Lincolnshire Fantasy World Map creator Chris Pearce quit his job at Aldi to create Lord Of The Rings style maps of real places

Lincolnshire Fantasy World Map creator Chris Pearce quit his job at Aldi to create Lord Of The Rings style maps of real places

A digital artist who has created Lord Of The Rings-style maps of real places has turned his attention to Lincolnshire.

Chris Pearce, 36, has painstakingly recreated the county with special attention to myths and legends to give it a Tolkien feel.

It’s a far cry from the life father-of-one Chris envisioned for himself after leaving university and moving through the ranks at Aldi.

Digital map creator Chris Pearce is working on his latest Tolkien-style fantasy map.
Digital map creator Chris Pearce is working on his latest Tolkien-style fantasy map.

“I was destined for a life of stacking shelves,” Chris said. “I never thought this would work.”

Creating his fantasy maps is now his full-time job, with copies of his artwork being sent all over the world.

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But he fell into his new role by chance.

About four years ago, Chris, then a manager at Aldi, decided to unleash his creativity by writing a fantasy novel. As he progresses through the plot, he realizes that he needs a map to help him maintain the order of the complex world he has created.

He turned to Photoshop where he made his map.

“I was happy with the process,” Chris said. From there on, it took on a life of its own.

Digital map creator Chris Pearce and his wife Fiona.
Digital map creator Chris Pearce and his wife Fiona.

Encouraged by his wife and colleague Fiona, he decided to map Teesside in a similar style and so praised by the response he went on to create larger maps covering England, Scotland and Wales.

“The novel has been put aside,” Chris said. I thought stacking shelves would be my life and I’m so happy with the change it’s made. I love all the weird folklore.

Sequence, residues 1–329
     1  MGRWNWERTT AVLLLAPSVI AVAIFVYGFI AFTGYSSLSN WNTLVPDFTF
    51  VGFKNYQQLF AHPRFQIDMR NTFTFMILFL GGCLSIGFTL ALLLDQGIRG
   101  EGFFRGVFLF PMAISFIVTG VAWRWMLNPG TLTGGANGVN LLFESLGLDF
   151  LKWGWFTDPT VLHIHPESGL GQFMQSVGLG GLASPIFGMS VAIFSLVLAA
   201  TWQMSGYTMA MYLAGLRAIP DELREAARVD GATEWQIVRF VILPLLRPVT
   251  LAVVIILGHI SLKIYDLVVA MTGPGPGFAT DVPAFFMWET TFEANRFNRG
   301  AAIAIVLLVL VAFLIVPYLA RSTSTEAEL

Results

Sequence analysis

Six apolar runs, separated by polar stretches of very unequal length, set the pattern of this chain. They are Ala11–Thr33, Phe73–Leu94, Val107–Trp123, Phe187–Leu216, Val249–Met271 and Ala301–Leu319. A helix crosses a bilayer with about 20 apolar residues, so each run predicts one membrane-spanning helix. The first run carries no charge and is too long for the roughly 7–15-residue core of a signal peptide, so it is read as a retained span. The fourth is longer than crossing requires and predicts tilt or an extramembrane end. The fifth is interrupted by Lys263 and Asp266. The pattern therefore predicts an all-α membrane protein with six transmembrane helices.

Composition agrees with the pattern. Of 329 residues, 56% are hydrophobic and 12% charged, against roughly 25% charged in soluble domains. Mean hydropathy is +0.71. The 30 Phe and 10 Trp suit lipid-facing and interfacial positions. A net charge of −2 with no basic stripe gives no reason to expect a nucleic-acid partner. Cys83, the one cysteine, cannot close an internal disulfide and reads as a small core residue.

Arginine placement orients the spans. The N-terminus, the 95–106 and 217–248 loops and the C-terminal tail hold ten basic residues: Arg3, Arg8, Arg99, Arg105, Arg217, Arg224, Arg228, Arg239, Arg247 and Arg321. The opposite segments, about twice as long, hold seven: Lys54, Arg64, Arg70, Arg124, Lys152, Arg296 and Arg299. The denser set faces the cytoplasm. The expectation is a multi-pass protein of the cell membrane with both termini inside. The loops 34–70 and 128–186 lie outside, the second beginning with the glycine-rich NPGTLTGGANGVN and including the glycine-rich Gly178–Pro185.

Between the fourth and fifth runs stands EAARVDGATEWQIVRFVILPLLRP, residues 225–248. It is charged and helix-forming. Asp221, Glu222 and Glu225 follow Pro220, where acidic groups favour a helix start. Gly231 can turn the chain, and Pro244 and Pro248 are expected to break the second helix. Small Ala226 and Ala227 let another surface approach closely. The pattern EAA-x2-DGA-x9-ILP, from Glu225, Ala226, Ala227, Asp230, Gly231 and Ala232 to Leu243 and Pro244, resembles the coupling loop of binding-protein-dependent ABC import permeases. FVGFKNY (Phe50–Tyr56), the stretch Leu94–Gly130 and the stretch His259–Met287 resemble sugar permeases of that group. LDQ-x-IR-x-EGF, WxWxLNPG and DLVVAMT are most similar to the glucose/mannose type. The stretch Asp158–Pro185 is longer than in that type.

He started out selling maps as a side business, then decided to move into county maps – he had about eight maps left to do in the now-determined Lincolnshire.

Each county map can take about a month to create. Initially, Chris works on creating basic shapes, cities, hills and the coast; He then asks people who live in the area to help make it true to the local legend, seeking advice from online forums, message boards and Facebook groups. People across Lincolnshire responded in large numbers.

A fantasy-style map of Lincolnshire by digital map creator Chris Pearce.
A fantasy-style map of Lincolnshire by digital map creator Chris Pearce.

“I can go to Google but I won’t get the weird details,” Chris said. “It depends on local knowledge, and people have actually been successful with that.”

His Facebook post about the Lincolnshire version of his fictional map received more than 1,500 comments.

From that, it takes another two weeks to dig deeper into the information and add those landmarks and legends. It’s a time-consuming role but it’s paying off for Chris and his family.

About two years after he started creating and selling his maps, he quit his job in retail because the feedback on his work was so good. This coincided with Chris and Fiona preparing for their first child as well.

“I thought it would only appeal to the geeky crowd, the Lord Of The Rings fans, but it’s not,” Chris added. “People buy it for elderly grandparents, people who have moved away. There’s a wide range of buyers.”

He sells the maps through his Etsy shop Fantasy World Maps in three sizes: A3, A2 and A1, with prices starting at £18. It has made over 7,500 sales and has a 4.8-star seller rating.

Chris takes care of his 15-month-old daughter, Robyn, during the day, and turns his attention to creating maps during naps and when she’s asleep at night.

A fantasy-style map of Norfolk by digital map creator Chris Pearce.
A fantasy-style map of Norfolk by digital map creator Chris Pearce.

With only a few provinces remaining, Chris now began to think about what could come next – perhaps a fantasy atlas. Or maybe the novel that started it all will be dusted off and completed. He wrote about 100,000 words before his map stopped.

He had already prepared maps of the neighboring counties of Nottinghamshire, Norfolk and Cambridgeshire.



(tags for translation) Quirky

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